So why is the Lesson of the Week’s picture a penny?  Because this penny will remind you as Franklin wrote, “A penny saved is a penny earned.”  Earning and saving is a way to be financially fit.  This penny was found on the side of the road and many people had passed by and left it by the side of the road.  Why?  No one deemed it valuable or worth their effort to pick up and save.  However, this one little penny could be the start of a financial future of fiscal fitness.  As you are on your mission, find what you have of value to offer, offer it, and pick up the rewards the universe is offering you – no matter how small they may appear.   This will put you on the road to financial fitness.


You need a very good financial person to keep you honest and to keep track of income and outgo.

- Bill Kurtis, American journalist, producer, narrator, and news anchor


Activity:  The Financial Fitness Quiz

Materials:  Paper and a pen or pencil

Time:  Ten minutes for writing and ten minutes per person to discuss answers.


Number from one to twenty.
Answer the following questions either yes or no:

1. Are you 30 or older?
2. Do you have at least $3000 or three months of living expenses saved to cover emergencies?
3.  Are you participating in a 401(k) or pension program?
4.  Do you save or invest beyond your retirement plan and emergency fund?
5.  Are you aware of how much you need to save each month to retire at the age you would like?
6.  Do you have life insurance (at least enough to cover funeral expenses)?
7.  Do you have health insurance?
8.  Do you have insurance that covers disability (besides Social Security)?
9.  Do you have a will?
10.  Do you spend less than 25 percent of your income on your rent or mortgage?
11.  Are you investing or saving money with each paycheck in a savings account, money market account or mutual fund?
12.  Are you paying your credit cards in full each month?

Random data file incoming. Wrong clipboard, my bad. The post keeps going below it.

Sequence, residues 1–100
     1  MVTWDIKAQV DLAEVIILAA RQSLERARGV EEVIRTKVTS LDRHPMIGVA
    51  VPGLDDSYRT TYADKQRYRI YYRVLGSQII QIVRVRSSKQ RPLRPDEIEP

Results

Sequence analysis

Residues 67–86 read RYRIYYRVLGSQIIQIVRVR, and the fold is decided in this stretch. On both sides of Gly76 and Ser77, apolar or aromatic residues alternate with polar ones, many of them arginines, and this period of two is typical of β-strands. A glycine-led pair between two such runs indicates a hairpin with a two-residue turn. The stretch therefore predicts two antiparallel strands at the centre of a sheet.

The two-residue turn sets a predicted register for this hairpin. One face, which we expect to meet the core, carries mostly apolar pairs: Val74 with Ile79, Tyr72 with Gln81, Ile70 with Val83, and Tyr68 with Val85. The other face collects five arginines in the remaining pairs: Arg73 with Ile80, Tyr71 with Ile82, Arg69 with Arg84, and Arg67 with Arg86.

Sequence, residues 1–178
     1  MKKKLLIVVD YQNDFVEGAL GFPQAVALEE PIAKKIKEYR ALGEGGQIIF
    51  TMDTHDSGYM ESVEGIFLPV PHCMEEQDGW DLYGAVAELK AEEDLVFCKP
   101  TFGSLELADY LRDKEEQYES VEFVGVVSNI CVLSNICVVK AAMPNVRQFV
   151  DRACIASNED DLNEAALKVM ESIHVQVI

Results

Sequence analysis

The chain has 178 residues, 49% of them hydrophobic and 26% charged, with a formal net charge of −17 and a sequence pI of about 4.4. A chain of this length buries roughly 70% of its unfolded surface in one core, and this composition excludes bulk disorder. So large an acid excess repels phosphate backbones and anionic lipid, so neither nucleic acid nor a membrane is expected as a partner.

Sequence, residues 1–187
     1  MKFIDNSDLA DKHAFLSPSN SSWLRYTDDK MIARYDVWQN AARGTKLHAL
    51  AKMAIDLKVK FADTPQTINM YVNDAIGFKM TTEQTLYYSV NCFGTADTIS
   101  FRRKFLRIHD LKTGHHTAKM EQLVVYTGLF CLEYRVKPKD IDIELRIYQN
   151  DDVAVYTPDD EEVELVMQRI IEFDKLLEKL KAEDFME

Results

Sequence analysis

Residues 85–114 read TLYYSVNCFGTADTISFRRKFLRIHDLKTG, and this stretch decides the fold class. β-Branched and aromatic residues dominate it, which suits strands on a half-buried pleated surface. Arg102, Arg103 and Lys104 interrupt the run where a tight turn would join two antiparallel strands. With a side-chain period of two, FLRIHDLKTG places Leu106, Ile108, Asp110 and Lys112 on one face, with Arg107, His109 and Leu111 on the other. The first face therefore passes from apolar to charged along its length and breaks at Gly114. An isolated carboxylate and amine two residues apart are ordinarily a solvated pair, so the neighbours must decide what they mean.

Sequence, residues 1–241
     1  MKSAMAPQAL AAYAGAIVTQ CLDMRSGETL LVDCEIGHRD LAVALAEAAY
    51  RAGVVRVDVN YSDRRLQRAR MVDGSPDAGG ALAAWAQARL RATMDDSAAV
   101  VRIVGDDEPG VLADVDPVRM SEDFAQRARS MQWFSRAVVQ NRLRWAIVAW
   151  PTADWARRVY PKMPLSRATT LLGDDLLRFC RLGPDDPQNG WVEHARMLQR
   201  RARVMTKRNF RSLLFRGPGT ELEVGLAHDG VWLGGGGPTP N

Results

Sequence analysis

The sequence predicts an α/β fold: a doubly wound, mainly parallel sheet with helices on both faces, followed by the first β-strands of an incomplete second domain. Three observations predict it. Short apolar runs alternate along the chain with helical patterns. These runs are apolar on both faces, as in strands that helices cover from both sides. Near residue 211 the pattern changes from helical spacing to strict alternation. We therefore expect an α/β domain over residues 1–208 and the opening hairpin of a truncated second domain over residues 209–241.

13.  Are you paying all of your bills in full each month?
14.  Do you know the interest rates on your checking, savings, and credit card accounts?
15.  Have you reviewed your credit report lately?
16.  Do you balance your checkbook each month?
17.  Do you track your monthly expenses?
18.  Do you regularly read about improving your personal finances?
19.  Do you have a financial plan?
20.  Are you saving at least 10 percent of your gross income each month?

Give yourself five points for each yes answer and a zero for each no.

0 to 40 points:  You are not finically flabby.  You need to get your spending under control immediately.  If you don’t have a monthly budget, draw one up and follow it.  Put away your credit cards, and but out all unnecessary spending until you can answer yes to all or most of the question on the test.

41 to 75 points:  E for effort.  You are on the right track, but keep an eye on answering more questions with an affirmative.

76 to 100 points:  Great shape.  Keep up the effort of answering all the questions in the affirmative – even after future life changes.

After finishing the quiz and adding up your points, discuss the results in the group.  Decide how you will become more financially fit and come up with a plan to do so – including goals and dates to accomplish these goals.


I am financially fit so I can …… We’d like to hear your story about being fiscally responsible. Write your story below.